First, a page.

A (o) = 2.12 X (effective fullload armature ampereDecrements. Only the case of a machine with the field turns per pole, per phase). = as the only rotor circuit will be considered. In this h noload of circuit normal ampereturns Fh (0) case, if the armature is opencircuited, there is with no saturation. ' = XI Thus, the determination of the mutual reactances of Xmh can be reduced to the determination of noload and dI excitation ampereturns in each rotor circuit. dt The self and mutual rotor reactances at present require flux plots for their determination, except in the that the opencircuit timeconstant of the field is case ofthe totalfield reactance. case of the total field reactance.so As shown in Appendix F, the latter is given by the (27) To = X R expression F (o) If the machine is shortcircuited through a reactance X and the effect of the resistance of the armature circuit x, (=) is negligible, as is normally the case, there is where K0 and L are given by formulas and curves in Xm Doherty and Shirley's 1918 paper on reactances, 1 is [r Xd'±X XI I Xd + x Xd + x the stacked length of the machine, and 4 (o) is normal noload armature flux. The transient reactance of a dlI Xd'+ x machine with no additional rotor circuits is then given as X t +RI E= dt Xd+X A(0) 1 X Xd' 2d F(o) K (23) so that the timeconstant of the field, in this case, is F (o) 4
(o)
Xd' + X T To ~~~~~~~(28) Xd + x The timeconstant on dead shortcircuit is X (29) To To' = Xd The effect of armature resistance, or of machines operating in parallel, is to modify these results in a complicated way which will not be considered here. If, as is ordinarily the case, the resistance of the rotor circuit is negligible, the timeconstant of the direct current in the armature depends upon the inductance of the armature to direct cuYrrent in the same way as the timeconstant of direct current in the field depends on the inductance of the field to direct current. The ~~~~inductance of the armature to direct current is, however, the average of Xd"/ and xqtt and is thus equal to the negative phasesequence reactance. Thus the timeconstant for the dc. component in the armature is
Equivalent Circuits and Field Leakage Reactance. This general subject is treated mathematically in Appendix E. It is shown that any number of equivalent circuits can be constructed to represent the relation between armature and rotor currents and linkages. Of the various circuits which may be so constructed there is one in which the armature branch is Xld, and the magnetizing branch is Xad. The field branch of this particular circuit has been referred to as the field leakage reactance, and is denoted by Xi.26 It is shown in Appendix E thatX1 may be expressed in terms of the quantities already described by the relation, ( Xad X \ X Xad 1 (24) / Field Voltage. It sometimes is desirable to define normal field voltage as the voltage which will just force normal current through the resistance of the field, but 26. ReferenGe (6). simply
T
PARK AND ROBERTSON: SYNCHRONOUS MACHINES
Feb. 1928
527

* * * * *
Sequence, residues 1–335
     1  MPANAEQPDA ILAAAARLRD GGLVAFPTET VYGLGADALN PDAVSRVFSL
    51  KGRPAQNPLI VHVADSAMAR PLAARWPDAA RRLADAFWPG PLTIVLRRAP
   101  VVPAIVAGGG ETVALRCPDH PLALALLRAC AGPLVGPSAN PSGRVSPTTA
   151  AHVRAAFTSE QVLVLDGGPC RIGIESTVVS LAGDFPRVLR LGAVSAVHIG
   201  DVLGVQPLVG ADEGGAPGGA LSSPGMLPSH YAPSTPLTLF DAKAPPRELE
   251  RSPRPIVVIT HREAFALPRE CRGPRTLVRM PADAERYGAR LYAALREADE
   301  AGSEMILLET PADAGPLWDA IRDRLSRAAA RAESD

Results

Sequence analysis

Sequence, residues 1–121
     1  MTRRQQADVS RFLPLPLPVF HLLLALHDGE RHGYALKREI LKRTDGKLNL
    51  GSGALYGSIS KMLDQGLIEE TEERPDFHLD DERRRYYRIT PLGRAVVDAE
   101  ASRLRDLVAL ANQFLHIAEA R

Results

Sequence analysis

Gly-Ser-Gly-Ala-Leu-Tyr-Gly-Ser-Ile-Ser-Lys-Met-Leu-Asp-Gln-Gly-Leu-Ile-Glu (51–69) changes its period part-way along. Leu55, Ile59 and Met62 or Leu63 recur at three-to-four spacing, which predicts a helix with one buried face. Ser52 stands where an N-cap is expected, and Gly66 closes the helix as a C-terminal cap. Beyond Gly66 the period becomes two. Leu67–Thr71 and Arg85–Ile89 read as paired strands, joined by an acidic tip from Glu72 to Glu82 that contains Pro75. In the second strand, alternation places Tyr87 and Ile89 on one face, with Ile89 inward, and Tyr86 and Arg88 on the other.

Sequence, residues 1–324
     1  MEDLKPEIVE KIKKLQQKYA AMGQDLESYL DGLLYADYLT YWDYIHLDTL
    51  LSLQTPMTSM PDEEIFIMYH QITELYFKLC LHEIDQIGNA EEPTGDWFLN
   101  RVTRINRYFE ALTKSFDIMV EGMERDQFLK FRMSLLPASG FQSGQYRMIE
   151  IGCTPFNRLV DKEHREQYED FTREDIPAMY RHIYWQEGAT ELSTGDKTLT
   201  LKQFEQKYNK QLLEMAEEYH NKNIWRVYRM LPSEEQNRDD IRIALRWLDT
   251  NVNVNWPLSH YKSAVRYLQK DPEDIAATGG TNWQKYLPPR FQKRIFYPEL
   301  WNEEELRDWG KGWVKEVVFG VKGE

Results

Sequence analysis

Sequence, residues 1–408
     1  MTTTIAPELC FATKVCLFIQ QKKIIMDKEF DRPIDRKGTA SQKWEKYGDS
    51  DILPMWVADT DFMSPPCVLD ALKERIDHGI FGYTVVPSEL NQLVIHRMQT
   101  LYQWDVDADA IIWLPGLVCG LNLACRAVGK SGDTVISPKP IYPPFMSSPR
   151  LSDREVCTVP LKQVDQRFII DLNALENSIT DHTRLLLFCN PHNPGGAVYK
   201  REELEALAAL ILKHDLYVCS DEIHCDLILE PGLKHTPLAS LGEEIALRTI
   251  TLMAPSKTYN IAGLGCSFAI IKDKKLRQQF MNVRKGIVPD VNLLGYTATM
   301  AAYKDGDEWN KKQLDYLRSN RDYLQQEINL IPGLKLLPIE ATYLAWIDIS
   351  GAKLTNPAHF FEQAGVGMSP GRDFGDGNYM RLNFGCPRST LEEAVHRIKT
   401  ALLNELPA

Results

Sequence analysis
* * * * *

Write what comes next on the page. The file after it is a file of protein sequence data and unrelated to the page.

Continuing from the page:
may be found by superposing the voltages due to any components into which this current may be resolved. To illustrate, the armature voltage due to a field current I, and an armature current i, may be found as as stated in Part I. the sum of the armature voltages due to the currents I ACKNOWLEDGMENTS The authors wish to thank Messrs. R. E. Doherty, and i acting separately. That is, the voltage under load from the noload voltage subtracting C. A. Nickle, P. L. Alger, and Professor W. V. Lyon for may be found by to the existing field current, the voltage d t t their valuable suggestions, and Mr. R. G. Lorraine for corresponding the to caused by the armature drop mpedance his assistance in the preparation of the figures. * ~~current. Or, the voltage due to a current Appendix A i = i, sin (t + a) APPLICATION OF THE PRINCIPLE OF SUPERPOSITION TO can be found by superposing the voltages due to currents THE ANALYSIS OF SYNCHRONOUS MACHINES x  ia cos a sin t In a synchronous machine, as in a static device, the flux density at any point will be in linear relation to and, iaisln a cOs t the total number of currents in every circuit of the machine, providing saturation and hysteresis are acting alone. So far it has merely been pointed out under what neglected. However, in a synchronous machine the factors of proportionality between flux density and conditions the voltages due to a given current districurrent depend upon the angular position of the rotor. bution can be found by superposing the voltages due to Thus, if the circuits in the machine are numbered 1, 2, any components of the distribution. Suppose, howetc., the component of flux density in a given direction ever, that a given distribution of voltage is impressed at any point of the machine will be related to the at the machine terminals. Let this distribution be currents in a manner shown by the following equation: characterized by the symbol e (t), and let ex (t) and ey (t) into which e (t) may be be component distributions 0 = fI (0) iI + f2 (0) i2 + . . . etc. so that e (t) = ex (t) + ey (t). Let the currents for agvepoiresolved Consequently, t) thedutoheeisrbinsei(),i.t)adi of the rotor, Consequently, for a given position flux at any point in the machine may be found by Then theremustrbe superposing the fluxes due to the current in every circuit i (t) = 1x (t) + t (t) acting separately. Also, the flux due to the current in all the conditions imposed by the fulfills result this since fluxes due the superposing be found by may any circuit terminal conditions of each and equations differential be current this may into which to any components that the position of the provided machine, the of circuit resolved, taken separately. 0 is the same with e (t), of time, (t), function rotor as a Thus, linkages. The same rule will of course apply to (t) impressed. ey ex (t), and the linkages in circuit I will be represented as . . Thus, it follows that the current distribution due to a . etc. = i2 X12 + X11 + il (0) 411 (0) given distribution of armature voltage may be found any due to may distributions current superposing by of circuit sinductance isthe inductance the voltage distribution intothe which components 1 with re of circuit the mutual be resolved, provided that the motion of the rotor, as a function of time, is the same for the components as for d 41 elr1Tl + d t the resultant. For example, if a machine is supplying current to a reactor and is then shortcircuited, the current at any / di, d X12 (0) d 0 dXi, (0) d 6 \ + dt + d 6 77712 time after the short circuit may be found by super=r+ d 6 d t )+ Xi posing on the initial current distribution the fictitious currents which would be due to the application of a d t,9 etc. negative voltage at the point of short circuit. This + N12 () dt + negative voltage is equal and opposite to that which would have existed at the point of short circuit had the But, since if i = ix + iy short circuit not occurred, and it is assumed to be dj d i2 dit applied with the machine unexcited. d t = d t+ d t On the other hand, if the machine is supplying it follows that, for a given position and speed of the rotor, a kilowatt load, it would be only possible to calculate the voltage in any circuit of the machine may be found the currents at the instant of short circuit in such by superposing the voltages due to the current in every manner. This is because of the fact that generally, other circuit acting separately. Also, under the same in this case, the motion of the rotor would be different conditions, voltage due to the current in any circuit before and after the short circuit on account of the change T